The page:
Saturday, February 17, 2007

What is Missions?

One of the members at my church, who has been a missionary overseas said that I needed to pick up the book The Great Omission by Steve Saint. I've only read a few chapters, which usually are short, and so far I have enjoyed the book. I recommend it to anyone else thinking about missions/ecclesiology. The remarkable thing that I found was its not primarily about missions. Now, those who have read it would be say, "Did he read the same book?" But, before my reading comprehension is questioned, let me explain what I mean.

The main question I believe that Steve Saint is trying to answer in this book is, "what is ecclesiology?" Now, he actually says it this way, "What is missions?" But, when we look at his answer it really comes down to ecclesiology. Missions is to him fulfilling the great commission by "making disciples and teaching them everything that Christ has commanded them." (My summation of his answer) This sounds very similar to the mission of the church. In fact, I believe that it IS the mission of the church. Therefore, it is an ecclesiological question. But, I believe that missiology is a subsection of ecclesiology, but I digress.

The question that I have is this: Is this the way that we conduct ourselves in our churches, mission trips or everyday life? When we go on short-term mission trips, how can we encourage this type of obedience? Do we encourage this in our churches? How can we?

Through Christ,

Thursday, February 8, 2007

Text or Context? Where is Theological Continuity Found?--Introduction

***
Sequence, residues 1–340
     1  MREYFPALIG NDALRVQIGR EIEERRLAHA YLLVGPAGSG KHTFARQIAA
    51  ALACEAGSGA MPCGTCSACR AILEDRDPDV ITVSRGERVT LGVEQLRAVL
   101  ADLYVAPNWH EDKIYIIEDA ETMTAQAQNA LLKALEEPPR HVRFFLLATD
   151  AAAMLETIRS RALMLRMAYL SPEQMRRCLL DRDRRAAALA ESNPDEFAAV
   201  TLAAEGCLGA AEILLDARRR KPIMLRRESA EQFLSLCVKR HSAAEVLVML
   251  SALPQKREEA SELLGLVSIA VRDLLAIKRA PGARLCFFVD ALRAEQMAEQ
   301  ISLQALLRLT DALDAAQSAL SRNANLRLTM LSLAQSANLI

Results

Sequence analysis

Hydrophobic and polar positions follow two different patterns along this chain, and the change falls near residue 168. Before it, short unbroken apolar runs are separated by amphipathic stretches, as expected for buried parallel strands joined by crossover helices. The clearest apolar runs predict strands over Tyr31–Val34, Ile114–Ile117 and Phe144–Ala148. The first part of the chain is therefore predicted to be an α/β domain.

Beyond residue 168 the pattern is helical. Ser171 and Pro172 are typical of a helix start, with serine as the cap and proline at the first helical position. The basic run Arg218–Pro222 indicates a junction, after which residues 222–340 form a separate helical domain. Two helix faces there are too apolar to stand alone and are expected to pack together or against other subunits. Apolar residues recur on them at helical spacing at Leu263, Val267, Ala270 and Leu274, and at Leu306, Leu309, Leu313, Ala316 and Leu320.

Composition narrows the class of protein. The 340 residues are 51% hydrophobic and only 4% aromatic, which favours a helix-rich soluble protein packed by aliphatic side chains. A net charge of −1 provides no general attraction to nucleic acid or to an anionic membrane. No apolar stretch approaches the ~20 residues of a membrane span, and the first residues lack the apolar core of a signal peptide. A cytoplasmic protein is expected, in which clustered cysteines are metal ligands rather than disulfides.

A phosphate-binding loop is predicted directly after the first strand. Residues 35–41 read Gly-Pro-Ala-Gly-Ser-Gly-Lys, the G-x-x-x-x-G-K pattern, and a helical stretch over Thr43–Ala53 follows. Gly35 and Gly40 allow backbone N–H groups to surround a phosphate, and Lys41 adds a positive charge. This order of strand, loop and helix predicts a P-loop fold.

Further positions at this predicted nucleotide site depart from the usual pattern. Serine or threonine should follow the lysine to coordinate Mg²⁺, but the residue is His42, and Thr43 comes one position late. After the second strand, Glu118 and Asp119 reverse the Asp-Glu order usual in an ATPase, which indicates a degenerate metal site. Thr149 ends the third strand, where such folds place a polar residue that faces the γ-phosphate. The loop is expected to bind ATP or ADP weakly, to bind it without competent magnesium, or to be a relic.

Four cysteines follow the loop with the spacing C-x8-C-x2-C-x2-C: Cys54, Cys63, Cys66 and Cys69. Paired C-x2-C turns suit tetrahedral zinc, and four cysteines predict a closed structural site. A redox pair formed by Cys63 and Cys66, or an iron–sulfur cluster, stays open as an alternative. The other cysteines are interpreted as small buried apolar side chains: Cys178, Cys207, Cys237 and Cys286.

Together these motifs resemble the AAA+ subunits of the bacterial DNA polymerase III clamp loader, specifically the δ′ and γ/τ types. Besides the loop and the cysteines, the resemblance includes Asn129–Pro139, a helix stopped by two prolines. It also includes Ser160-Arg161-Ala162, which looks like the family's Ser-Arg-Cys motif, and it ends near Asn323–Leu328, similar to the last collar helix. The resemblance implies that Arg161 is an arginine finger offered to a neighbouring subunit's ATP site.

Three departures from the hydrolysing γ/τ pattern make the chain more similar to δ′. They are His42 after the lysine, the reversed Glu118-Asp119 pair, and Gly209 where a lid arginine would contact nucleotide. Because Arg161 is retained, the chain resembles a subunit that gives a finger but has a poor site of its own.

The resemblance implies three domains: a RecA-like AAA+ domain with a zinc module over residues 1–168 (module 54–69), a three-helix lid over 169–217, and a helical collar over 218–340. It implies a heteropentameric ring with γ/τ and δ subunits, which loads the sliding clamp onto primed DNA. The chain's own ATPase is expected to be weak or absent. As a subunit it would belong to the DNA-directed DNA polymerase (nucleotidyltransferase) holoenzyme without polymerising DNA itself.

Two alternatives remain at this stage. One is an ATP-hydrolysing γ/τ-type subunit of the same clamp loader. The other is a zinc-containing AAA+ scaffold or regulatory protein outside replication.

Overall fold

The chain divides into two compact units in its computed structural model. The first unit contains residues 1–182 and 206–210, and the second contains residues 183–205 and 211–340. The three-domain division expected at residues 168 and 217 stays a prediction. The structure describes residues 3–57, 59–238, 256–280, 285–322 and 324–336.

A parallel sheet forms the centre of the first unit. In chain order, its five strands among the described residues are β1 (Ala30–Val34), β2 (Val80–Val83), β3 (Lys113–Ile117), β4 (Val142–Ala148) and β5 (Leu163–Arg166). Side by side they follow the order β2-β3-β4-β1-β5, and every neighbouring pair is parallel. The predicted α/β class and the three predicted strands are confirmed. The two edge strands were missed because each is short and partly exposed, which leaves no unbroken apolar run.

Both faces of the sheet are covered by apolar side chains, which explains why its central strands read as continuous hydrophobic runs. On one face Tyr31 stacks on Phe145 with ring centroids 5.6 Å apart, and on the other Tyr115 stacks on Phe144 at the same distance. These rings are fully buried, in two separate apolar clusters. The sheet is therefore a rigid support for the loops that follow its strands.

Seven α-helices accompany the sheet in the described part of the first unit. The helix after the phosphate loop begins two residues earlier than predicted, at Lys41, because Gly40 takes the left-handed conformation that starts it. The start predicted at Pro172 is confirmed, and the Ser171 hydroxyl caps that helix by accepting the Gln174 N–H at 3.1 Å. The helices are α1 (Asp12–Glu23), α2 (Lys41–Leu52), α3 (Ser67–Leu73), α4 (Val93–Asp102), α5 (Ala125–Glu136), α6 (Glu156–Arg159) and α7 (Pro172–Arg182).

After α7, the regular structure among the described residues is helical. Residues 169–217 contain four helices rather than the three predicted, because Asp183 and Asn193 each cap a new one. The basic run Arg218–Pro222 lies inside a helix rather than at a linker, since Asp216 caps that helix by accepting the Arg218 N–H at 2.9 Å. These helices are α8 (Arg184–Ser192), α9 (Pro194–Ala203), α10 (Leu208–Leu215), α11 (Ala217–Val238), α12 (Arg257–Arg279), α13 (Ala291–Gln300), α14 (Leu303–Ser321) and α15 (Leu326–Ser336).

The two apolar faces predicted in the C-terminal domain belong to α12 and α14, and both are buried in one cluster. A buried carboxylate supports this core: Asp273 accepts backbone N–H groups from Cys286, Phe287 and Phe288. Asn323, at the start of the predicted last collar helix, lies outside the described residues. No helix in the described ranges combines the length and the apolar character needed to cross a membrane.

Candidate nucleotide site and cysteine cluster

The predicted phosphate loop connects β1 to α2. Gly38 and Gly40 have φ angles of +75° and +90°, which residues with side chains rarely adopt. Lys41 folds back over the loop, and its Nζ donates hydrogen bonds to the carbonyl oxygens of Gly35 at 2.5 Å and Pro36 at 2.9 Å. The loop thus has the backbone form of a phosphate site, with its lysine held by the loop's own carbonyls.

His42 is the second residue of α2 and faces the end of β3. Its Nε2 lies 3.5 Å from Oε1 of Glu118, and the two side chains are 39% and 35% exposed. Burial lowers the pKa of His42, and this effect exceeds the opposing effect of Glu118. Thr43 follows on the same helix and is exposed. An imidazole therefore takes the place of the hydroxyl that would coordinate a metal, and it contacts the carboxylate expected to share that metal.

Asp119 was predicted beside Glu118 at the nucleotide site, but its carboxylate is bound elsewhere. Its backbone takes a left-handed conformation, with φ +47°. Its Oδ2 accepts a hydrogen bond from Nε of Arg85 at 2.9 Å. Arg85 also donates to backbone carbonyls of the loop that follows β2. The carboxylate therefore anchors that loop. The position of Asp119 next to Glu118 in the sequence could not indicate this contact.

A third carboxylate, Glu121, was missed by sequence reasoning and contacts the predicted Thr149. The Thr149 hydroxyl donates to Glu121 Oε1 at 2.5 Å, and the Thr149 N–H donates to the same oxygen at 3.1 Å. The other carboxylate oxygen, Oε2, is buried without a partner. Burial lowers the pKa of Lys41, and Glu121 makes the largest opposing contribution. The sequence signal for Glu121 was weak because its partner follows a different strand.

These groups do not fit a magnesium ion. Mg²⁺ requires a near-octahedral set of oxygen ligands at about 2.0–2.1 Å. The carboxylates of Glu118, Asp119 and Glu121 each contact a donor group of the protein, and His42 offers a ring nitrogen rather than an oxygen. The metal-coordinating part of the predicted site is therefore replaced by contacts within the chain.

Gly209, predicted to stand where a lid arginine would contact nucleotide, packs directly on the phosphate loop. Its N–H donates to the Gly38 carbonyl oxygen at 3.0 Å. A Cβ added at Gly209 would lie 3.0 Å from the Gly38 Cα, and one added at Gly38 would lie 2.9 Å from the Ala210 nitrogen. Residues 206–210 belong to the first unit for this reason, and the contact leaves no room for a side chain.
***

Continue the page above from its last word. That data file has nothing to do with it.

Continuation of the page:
The Bible is by nature a multicultural work of divine and human creativity. Each book of the Bible was written, compiled or edited during different times by different authors/editors from different cultural backgrounds and situations. Some would argue that this drastically affects the meaning of the text so that one cannot understand it clearly without understanding the cultural situations behind the writing (or behind the author). More radically, some hold that one cannot understand it fully because it is trapped by those same cultural situations and cannot be meaningfully extracted. Others argue that the reinterpretation of the text by each successive generation serves as a model for interpretation of the text for all contexts (the premise being that each generation changes the meaning to fit its own cultural context and needs). Still others find the meaning greatly transferable from one age to another but choose not to obey certain commands or truths revealed from the text because those propositions relate to another (different) cultural context. Moreover, some find that to label anything from the text as out-of-date or inapplicable for the current context compromises its truthfulness and relevance as God’s Word. So one must ask: which view is correct; or, what role does culture play in Biblical interpretation?